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Since my son was born December 20, 2010, I read all twelve Christy Miller books (young adult), the three college Christy books (Until Tomorrow, As You Wish, I Promise), and all twelve Sierra Miller (young adult) books. These are all by Robin Jones Gunn, my favorite contemporary author. It was what my brain could handle with small baby.
Here’s what I read in the rest of 2011!
1. Cold Tangerines by Shauna Niequist – This came highly recommended by several friends. I won’t say the essays made me think quite like Anne Lamott‘s do, but they are interesting and heart-warming. I look forward to reading Bittersweet.
2. Fearless by Max Lucado – Again, not the earth-shattering read I expected … but I love Lucado’s down-to-earth style and storytelling. I’m glad I read this book and I plan to reference it back when I get in the depths of fear.
3. Don’t Make Me Count to Three: A Mom’s Look at Heart-Oriented Discipline by Ginger Plowman – You may see a lot of books about disciplining children this year! I have entered the age of parenting a crazy strong-willed toddler. I did like the idea behind this book: knowing the biblical WHY when we are disciplining our kids. Libbie has already started to recite, “The Bible says obey Mommy and Daddy.” But the author really stresses spanking. While I am not totally anti-spanking, I don’t think it should be our first response. And I’m not sure I buy her reasoning since it is all Old Testament-based.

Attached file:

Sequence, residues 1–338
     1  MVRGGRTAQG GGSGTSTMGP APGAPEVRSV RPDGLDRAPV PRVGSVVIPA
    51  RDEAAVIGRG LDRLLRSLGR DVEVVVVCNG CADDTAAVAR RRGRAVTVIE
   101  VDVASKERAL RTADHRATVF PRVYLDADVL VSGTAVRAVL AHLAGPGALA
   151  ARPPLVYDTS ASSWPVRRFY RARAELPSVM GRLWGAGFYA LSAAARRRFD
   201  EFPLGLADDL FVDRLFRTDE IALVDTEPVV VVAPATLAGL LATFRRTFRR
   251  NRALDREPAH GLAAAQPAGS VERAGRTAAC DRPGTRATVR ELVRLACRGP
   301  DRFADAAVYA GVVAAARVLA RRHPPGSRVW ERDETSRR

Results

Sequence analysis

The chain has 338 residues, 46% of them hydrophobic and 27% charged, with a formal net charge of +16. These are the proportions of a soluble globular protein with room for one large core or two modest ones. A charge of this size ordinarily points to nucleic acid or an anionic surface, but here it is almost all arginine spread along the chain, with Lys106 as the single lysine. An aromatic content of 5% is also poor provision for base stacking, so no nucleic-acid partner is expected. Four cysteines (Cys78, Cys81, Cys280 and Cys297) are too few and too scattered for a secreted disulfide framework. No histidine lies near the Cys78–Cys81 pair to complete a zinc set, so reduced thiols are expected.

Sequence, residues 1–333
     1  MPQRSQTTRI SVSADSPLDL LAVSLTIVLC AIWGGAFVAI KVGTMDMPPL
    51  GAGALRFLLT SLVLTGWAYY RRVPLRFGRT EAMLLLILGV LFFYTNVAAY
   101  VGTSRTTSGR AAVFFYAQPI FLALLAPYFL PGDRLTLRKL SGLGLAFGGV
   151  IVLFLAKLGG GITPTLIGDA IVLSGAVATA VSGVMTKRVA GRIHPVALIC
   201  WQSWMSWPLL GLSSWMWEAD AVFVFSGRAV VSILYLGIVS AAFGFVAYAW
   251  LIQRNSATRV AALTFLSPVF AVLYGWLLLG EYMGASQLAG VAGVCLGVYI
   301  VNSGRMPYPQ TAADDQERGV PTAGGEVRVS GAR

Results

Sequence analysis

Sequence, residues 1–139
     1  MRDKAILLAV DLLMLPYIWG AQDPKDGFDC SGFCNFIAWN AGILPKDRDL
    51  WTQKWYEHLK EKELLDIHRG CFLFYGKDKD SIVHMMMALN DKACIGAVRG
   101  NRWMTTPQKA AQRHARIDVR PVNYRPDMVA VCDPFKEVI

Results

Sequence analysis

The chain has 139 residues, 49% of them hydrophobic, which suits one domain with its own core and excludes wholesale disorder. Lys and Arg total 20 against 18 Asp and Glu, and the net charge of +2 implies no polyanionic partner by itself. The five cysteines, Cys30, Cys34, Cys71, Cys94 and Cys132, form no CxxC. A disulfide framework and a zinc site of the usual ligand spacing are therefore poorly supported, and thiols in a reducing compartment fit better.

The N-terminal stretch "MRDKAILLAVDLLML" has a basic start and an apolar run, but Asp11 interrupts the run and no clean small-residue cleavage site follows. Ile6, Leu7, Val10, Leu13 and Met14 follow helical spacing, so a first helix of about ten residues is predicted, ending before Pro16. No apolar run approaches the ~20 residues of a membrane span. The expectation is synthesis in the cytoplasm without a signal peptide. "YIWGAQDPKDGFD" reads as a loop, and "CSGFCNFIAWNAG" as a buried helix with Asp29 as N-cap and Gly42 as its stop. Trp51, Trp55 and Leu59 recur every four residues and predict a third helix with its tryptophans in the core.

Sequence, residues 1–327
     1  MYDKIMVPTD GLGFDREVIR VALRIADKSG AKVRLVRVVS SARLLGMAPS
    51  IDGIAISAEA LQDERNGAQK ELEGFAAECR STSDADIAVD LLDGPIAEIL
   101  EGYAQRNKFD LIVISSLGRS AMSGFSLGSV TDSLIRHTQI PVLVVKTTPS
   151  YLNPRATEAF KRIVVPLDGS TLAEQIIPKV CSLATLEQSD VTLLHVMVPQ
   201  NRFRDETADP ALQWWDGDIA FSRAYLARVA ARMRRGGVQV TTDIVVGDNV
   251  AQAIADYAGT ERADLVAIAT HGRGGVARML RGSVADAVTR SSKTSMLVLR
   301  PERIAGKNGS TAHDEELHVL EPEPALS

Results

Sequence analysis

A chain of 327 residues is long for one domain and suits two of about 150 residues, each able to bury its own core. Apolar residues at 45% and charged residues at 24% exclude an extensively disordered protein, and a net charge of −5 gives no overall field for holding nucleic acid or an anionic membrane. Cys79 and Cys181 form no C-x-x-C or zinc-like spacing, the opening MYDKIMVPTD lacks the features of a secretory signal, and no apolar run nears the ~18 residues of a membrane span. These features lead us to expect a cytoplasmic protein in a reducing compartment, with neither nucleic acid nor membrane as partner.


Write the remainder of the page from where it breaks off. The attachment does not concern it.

4. Heart and Soul by Maeve Binchy – Binchy is one of my favorite authors and it’s been a while since I got to indulge in one of her novels. I thought I was reading her “new” book until I found out it came out in 2008. Guess I’ve been a little busy since then with children! I loved this novel of hers. She used a lot of characters from Scarlet Feather, Evening Class, and Nights of Rain and Stars … I only wish I had read those recently enough that I could remember the characters! It made me want to go back and read Rain and Stars.
5. Heaven is For Real by Todd Burpo – Just what I needed to read right now. Amazing tale of the author’s son, who literally visited heaven during a near-death experience. I think everyone should read this. Because Heaven IS for real, and sometimes we don’t act like it is.
6. Mine is the Night by Liz Curtis Higgs – I had never read anything by this prolific Christian author before, but the description of this book as a retelling of Ruth grabbed my attention. I loved it to pieces; the only fault in my opinion is the Scottish dialect being a little hard to read. I just don’t love reading dialect.
7. Change of Heart by Jodi Picoult – I spent the first half of this book wondering just how much of The Green Mile she was going to rip off … but in the end, it took a different turn and I did finish it and enjoy it. I guessed the surprise twist long before it happened, but perhaps that’s inevitable after reading too many Picoults. (I believe this one was my ninth.)